A romantic tragicomedy with a pair of charismatic leads, “Bringing Up Girls in Bohemia” is a remarkably faithful adaptation of a bestselling novel that doesn’t go the distance. Opening promise wilts away in an overly long pic sans fireworks, and the tacked-on coda is more confusing than conclusive. Foreign appeal looks slight.
Novel of the same name by Michal Viewegh (the most popular contempo Czech author) is a postmodern story wrapped around a triangle of forbidden romance and infidelity. Scripter Vaclav Sasek and director Petr Koliha manage to capture the voice and intentions of the author but fall short on the easy bit — the love story
Teacher-cum-novelist Oscar (Ondrej Pavelka) gets an offer he can’t refuse from local bordello Mafioso Karel Kral (Milan Lasica). For a fat wad of money, Oscar becomes writing tutor to Karel’s sullen beauty of a daughter, Beata (Anna Geislerova), who’s brooding over Dad’s having put the kibosh on her affair with his unsavory business partner.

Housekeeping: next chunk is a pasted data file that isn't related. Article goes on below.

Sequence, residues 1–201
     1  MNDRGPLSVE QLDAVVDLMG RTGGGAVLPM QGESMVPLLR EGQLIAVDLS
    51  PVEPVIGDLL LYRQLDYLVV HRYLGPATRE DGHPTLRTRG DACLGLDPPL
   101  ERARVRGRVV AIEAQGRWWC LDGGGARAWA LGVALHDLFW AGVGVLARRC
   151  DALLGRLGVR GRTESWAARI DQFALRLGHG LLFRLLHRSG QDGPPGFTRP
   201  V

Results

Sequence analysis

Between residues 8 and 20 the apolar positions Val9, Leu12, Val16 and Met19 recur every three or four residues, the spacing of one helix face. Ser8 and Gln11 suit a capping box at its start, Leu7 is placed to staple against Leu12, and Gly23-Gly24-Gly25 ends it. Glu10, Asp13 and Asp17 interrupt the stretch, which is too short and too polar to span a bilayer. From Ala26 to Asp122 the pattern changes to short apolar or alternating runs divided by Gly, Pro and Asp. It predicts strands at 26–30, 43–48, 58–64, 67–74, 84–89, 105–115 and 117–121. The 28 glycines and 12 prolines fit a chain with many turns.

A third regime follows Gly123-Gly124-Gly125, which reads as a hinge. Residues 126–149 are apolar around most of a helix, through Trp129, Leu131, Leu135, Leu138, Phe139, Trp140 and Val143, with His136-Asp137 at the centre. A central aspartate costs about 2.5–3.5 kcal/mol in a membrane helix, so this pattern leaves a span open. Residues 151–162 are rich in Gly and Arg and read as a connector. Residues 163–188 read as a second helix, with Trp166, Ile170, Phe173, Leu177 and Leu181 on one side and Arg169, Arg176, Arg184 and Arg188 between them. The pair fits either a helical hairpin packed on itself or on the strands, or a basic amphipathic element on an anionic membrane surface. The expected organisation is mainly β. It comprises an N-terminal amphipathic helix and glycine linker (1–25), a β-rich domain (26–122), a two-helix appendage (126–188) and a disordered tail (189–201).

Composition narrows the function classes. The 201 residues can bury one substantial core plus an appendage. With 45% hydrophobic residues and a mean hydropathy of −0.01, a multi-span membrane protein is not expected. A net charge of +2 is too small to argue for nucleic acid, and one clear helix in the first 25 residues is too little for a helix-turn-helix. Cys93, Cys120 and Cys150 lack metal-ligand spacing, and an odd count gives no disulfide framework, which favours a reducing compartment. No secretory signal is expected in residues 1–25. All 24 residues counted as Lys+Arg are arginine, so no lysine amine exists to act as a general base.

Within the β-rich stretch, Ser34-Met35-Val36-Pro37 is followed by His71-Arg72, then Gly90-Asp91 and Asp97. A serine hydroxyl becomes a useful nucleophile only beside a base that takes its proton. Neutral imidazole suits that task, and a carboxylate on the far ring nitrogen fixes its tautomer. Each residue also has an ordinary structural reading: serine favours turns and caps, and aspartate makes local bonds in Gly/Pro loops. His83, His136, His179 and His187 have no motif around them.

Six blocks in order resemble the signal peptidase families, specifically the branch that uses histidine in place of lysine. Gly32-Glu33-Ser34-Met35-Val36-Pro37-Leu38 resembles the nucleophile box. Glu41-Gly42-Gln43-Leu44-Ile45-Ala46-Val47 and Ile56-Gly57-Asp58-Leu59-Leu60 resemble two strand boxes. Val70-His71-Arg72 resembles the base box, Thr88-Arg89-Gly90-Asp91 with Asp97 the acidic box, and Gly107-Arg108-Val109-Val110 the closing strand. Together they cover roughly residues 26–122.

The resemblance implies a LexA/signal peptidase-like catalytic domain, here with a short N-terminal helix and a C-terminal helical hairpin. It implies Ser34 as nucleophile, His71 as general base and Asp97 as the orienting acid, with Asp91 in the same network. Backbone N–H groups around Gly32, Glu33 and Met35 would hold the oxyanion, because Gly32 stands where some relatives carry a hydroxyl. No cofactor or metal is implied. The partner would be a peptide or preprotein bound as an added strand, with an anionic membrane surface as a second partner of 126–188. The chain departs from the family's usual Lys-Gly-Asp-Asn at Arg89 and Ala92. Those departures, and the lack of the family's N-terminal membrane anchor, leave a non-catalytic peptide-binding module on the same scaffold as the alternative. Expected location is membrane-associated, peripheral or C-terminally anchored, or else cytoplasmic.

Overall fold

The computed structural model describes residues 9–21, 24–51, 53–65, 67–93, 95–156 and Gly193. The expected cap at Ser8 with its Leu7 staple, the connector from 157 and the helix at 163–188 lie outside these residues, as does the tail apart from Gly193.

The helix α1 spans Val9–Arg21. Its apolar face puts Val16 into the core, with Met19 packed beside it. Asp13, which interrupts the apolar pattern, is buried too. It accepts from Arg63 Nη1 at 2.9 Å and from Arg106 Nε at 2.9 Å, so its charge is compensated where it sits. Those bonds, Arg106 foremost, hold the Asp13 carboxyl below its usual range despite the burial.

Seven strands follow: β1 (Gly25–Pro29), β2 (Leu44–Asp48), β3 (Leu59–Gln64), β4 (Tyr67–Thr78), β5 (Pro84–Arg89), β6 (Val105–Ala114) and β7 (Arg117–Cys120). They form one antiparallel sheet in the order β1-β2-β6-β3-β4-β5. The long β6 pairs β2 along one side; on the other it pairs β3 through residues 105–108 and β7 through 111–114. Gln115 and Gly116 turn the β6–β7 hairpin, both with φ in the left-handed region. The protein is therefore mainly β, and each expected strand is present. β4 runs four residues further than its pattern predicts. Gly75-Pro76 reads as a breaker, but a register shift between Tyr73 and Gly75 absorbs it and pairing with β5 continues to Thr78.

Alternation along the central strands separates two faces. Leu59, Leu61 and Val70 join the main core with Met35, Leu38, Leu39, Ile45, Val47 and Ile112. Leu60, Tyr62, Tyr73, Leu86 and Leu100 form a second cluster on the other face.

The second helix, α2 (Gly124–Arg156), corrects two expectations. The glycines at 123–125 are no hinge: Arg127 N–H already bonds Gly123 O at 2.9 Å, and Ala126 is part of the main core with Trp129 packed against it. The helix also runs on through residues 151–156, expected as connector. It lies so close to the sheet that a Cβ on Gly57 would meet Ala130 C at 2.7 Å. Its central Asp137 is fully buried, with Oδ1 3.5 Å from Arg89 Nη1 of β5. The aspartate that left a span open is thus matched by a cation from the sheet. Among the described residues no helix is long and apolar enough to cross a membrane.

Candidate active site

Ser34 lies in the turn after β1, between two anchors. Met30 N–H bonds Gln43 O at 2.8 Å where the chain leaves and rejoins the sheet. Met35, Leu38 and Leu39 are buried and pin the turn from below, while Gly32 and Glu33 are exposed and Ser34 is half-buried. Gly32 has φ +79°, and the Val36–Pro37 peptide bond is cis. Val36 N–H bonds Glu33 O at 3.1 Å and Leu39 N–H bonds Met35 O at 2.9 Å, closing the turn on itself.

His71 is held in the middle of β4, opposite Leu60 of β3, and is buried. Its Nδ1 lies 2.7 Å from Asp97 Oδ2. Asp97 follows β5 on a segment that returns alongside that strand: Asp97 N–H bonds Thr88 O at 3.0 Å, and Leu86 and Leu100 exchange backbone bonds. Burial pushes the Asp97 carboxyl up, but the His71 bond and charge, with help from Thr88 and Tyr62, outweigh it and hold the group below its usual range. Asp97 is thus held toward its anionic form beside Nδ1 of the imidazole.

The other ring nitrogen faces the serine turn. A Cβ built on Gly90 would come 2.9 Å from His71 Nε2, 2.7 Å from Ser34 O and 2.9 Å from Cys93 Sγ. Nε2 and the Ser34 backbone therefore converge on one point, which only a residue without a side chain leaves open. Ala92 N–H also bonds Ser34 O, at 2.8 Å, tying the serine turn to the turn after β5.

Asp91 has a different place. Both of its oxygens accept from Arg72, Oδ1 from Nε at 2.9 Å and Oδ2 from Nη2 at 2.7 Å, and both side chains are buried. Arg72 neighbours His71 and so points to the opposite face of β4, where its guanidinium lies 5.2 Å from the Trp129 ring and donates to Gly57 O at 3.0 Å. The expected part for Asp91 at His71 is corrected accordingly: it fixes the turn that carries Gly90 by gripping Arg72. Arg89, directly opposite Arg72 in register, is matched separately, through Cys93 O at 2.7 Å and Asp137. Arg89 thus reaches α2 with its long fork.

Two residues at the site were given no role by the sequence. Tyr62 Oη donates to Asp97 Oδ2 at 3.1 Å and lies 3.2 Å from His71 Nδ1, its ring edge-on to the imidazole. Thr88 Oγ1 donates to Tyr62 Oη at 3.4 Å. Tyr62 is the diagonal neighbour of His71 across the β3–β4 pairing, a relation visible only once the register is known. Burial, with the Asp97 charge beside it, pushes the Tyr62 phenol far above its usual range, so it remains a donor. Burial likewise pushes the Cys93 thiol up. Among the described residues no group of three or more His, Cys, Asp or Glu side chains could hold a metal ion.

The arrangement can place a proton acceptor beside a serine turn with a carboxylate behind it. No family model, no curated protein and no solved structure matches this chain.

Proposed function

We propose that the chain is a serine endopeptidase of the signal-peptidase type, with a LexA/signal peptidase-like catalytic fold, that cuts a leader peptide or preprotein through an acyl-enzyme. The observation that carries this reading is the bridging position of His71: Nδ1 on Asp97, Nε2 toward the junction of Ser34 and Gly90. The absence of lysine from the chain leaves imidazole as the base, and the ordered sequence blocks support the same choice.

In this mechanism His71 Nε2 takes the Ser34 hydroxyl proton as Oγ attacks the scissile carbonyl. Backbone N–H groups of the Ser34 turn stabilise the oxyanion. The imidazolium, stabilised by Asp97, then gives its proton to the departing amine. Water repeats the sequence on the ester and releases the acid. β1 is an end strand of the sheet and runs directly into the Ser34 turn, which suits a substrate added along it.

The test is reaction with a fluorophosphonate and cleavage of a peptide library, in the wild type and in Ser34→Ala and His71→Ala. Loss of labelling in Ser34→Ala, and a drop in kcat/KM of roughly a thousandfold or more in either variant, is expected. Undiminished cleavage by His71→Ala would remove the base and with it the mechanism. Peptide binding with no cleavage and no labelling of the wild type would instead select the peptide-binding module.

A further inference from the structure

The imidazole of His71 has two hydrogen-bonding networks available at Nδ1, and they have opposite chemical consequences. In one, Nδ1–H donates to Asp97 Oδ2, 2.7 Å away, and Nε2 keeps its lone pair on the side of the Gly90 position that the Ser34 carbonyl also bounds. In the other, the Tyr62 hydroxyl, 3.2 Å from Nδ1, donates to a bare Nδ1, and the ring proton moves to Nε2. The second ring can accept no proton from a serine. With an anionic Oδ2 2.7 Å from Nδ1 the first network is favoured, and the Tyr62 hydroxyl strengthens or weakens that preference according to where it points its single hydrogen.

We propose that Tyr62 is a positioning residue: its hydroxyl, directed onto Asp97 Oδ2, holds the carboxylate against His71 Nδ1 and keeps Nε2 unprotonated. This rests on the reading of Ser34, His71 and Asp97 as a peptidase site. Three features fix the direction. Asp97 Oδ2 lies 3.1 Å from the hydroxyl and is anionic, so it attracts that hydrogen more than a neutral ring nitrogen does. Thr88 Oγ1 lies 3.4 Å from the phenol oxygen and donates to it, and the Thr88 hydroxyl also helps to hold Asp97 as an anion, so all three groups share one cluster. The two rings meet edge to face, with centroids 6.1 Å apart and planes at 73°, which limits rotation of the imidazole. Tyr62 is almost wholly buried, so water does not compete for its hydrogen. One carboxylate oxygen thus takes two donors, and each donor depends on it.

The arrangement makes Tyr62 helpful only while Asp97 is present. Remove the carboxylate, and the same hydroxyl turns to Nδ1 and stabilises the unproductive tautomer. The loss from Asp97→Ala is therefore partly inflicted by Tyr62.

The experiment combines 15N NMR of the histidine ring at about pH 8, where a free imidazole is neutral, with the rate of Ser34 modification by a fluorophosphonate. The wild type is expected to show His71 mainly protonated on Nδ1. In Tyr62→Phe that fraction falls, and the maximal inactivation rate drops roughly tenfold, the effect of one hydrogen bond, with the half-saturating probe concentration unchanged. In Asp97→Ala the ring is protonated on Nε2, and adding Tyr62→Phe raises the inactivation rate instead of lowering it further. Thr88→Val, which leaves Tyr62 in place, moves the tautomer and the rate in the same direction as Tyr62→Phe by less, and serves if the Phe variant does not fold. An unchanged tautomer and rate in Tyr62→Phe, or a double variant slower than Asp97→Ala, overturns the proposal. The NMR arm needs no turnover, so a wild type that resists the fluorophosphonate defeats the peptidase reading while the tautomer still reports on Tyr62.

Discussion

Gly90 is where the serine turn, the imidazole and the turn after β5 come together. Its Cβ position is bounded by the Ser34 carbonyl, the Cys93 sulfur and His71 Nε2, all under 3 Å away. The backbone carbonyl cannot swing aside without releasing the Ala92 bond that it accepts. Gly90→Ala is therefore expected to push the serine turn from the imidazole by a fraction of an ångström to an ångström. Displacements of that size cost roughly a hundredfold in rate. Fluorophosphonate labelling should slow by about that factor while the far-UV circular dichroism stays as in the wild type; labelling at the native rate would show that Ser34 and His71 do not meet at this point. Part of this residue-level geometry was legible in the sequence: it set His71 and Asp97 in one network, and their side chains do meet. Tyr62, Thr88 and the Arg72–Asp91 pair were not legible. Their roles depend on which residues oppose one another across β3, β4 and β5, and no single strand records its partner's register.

When Oscar’s wife, Andela (Vilma Cibulkova), and daughter are away on vacation, Beata’s mood brightens, and soon she and Oscar are going at it whenever half an opportunity arises. Oscar gets her a teaching job at his school but she then dumps him, going through a series of new beaus and social protest movements of the moment before crashing her sports car.
Though magically fragile and photogenic in an early Mia Farrow mode, Geislerova, who was in Jan Sverak’s 1995 road movie “The Ride,” is done in by an itty-bitty voice and Beata’s myopically self-involved character. Pavelka’s puppy-dog cheerfulness as Oscar is endearing but completely wrong for an affair that needs to sizzle onscreen. Younger cast members perform with far more integrity, from schoolroom bit players to the unaffected performance by Klara Senkirova, as Oscar’s daughter, and Kristyna Novakova’s more complex portrayal of Agata, Beata’s younger sister.
Extensive use of close-ups and medium shots give pic a claustrophobic feel. Tech credits are generally solid